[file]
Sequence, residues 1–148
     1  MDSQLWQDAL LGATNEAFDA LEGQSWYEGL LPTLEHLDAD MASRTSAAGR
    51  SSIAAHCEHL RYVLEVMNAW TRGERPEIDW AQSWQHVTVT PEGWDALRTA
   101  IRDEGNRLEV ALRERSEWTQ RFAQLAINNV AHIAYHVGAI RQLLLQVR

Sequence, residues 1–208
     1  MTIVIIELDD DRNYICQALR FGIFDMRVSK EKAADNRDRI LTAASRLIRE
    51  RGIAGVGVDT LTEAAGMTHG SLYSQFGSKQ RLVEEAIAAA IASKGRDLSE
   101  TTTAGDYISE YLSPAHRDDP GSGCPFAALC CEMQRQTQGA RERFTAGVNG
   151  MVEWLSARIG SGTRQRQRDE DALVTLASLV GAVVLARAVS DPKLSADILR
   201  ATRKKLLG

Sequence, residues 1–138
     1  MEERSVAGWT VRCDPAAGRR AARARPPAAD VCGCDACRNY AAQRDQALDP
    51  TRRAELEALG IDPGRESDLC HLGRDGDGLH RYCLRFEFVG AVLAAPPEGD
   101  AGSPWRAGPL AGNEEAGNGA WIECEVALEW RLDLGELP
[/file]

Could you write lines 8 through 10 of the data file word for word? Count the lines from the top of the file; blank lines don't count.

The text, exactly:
   101  TTTAGDYISE YLSPAHRDDP GSGCPFAALC CEMQRQTQGA RERFTAGVNG
   151  MVEWLSARIG SGTRQRQRDE DALVTLASLV GAVVLARAVS DPKLSADILR
   201  ATRKKLLG